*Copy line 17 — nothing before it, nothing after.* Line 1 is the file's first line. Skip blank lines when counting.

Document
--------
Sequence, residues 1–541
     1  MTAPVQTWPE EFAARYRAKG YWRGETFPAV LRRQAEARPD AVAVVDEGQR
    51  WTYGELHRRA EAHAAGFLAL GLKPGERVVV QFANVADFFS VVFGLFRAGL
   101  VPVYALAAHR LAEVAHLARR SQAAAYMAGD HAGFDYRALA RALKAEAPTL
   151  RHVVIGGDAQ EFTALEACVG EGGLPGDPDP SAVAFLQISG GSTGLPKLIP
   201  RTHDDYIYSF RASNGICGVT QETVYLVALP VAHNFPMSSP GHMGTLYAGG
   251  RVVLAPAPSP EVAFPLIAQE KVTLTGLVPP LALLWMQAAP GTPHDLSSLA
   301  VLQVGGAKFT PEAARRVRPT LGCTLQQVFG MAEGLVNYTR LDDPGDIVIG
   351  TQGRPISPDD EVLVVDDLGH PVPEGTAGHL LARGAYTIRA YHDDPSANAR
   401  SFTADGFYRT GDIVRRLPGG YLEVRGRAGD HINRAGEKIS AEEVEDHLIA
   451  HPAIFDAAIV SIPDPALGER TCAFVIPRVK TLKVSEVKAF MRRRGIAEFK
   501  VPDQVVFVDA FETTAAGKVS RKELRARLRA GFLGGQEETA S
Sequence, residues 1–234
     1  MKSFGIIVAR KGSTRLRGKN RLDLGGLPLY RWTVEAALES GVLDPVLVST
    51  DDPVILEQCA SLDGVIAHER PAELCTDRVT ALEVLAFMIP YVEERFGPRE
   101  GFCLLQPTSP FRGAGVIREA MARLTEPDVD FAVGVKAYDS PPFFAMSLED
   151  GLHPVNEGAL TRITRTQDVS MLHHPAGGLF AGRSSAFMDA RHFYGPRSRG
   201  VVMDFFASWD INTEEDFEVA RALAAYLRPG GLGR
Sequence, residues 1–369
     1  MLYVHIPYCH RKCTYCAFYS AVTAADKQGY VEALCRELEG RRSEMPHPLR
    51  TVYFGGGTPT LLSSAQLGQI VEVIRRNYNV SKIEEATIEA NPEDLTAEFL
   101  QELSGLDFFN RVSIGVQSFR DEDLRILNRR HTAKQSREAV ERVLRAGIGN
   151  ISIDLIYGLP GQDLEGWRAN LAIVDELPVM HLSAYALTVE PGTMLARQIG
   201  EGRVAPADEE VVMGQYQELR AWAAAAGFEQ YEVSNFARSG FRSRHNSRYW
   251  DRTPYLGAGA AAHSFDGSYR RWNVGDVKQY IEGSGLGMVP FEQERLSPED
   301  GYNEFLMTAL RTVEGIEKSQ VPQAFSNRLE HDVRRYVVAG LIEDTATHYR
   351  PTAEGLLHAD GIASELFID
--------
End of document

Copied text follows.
   151  GLHPVNEGAL TRITRTQDVS MLHHPAGGLF AGRSSAFMDA RHFYGPRSRG